Dear PLASTICS members,

In recent weeks, the North American Free Trade Agreement (NAFTA) has been the focus of several important discussions. With your support and insight, the Plastics Industry Association (PLASTICS) has been able to be a part of these policy discussions and weigh in on your behalf with lawmakers and administration officials. Using data collected from our NAFTA survey, which many of you responded to, and data from our Global Business Trends and Size & Impact reports, we’ve been able to impress upon policymakers how important both NAFTA and a broader pro-trade agenda are to the U.S. plastics industry.

Mexico and Canada remain our industry’s largest export markets and while a great deal of trade goes on between companies on either side of our northern and southern borders, the economic traffic is largely outbound from the U.S.: in 2016, the U.S. plastics industry ran a $985 million trade surplus with Canada and a $10 billion trade surplus with Mexico, the second-largest surplus with Mexico of any industry in the U.S. It is not a stretch to say that these surpluses are the direct result of the market access provided by NAFTA and that they would contract significantly if that access was put in jeopardy.

PLASTICS will also be sharing the insights of its members collected from our recent NAFTA survey. The results indicate that:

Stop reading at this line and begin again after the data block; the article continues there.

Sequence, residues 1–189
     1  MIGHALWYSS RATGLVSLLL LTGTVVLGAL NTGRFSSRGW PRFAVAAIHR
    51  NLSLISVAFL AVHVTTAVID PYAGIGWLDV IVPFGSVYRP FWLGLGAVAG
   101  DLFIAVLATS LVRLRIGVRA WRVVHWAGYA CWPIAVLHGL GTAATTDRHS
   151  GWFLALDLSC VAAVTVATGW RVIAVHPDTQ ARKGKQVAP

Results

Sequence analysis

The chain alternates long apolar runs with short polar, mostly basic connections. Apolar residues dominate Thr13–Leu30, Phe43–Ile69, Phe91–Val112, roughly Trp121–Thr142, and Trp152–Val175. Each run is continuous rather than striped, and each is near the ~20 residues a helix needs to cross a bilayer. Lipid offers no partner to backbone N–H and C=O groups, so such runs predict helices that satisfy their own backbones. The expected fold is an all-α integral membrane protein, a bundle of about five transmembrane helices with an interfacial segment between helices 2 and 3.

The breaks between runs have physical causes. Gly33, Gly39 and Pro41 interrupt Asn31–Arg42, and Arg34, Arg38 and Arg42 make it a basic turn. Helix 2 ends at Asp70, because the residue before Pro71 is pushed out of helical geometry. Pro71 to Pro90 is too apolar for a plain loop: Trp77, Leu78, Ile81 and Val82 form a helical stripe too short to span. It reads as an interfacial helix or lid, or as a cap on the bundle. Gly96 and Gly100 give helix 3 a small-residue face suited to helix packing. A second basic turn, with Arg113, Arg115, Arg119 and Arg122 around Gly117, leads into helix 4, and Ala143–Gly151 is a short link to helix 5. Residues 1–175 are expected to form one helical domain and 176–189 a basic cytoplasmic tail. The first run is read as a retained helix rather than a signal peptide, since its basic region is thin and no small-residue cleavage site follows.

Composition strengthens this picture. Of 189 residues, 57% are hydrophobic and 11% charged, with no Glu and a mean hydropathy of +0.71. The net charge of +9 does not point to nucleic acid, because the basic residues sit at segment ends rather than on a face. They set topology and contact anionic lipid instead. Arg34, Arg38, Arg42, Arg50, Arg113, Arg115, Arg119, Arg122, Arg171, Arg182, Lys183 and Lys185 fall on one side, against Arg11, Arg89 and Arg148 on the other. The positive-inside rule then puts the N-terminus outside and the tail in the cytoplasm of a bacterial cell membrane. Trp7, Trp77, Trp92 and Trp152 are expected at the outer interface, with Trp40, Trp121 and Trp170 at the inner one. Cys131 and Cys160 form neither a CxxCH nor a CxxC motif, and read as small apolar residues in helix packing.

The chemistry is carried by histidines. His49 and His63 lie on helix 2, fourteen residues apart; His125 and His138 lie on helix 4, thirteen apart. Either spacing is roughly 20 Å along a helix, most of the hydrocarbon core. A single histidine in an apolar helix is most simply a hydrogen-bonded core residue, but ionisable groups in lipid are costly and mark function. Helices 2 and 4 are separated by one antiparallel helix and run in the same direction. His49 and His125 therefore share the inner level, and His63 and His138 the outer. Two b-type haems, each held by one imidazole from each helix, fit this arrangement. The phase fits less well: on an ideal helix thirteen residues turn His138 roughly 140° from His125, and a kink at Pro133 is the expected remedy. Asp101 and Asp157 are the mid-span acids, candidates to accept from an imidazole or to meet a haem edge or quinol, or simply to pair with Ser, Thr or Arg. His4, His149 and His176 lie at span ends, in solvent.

• 82 percent of PLASTICS members export to both Canada and Mexico.
  • Less than half of respondents import from either country (this makes sense given that the plastics industry maintains such strong trade surpluses with both countries).
  • A majority of respondents expressed confidence in continued growth for their business in both markets.

All of this data has been immensely helpful to PLASTICS to share with lawmakers and regulators as they eventually begin the process of strengthening NAFTA through renegotiation. So far our team has been invited to share our members’ perspectives with the Department of Commerce, and we met with key officials in the White House and the offices of several key legislators. Soon we’ll meet with the U.S. Trade Representative as well to make sure that the nation’s top trade administrators are aware of how vital NAFTA is to the U.S. plastics industry, and how valuable the input of PLASTICS and its members is in any attempt to update NAFTA.

Our work will continue as we advocate on your behalf and for the 954,000 men and women that work in the U.S. plastics industry. In the coming weeks the PLASTICS team will seek your input on NAFTA again, as we work to put together a specific set of recommendations for trade negotiators to consider that would benefit our industry. In the meantime we urge you to get involved by contacting your legislators and letting them know how NAFTA has worked for your business, and by contacting the team here at PLASTICS to share your story. Together, we can continue to maintain, and even grow our industry’s surpluses and work to build a stronger NAFTA.

Very sincerely,

The Plastics Industry Association (PLASTICS)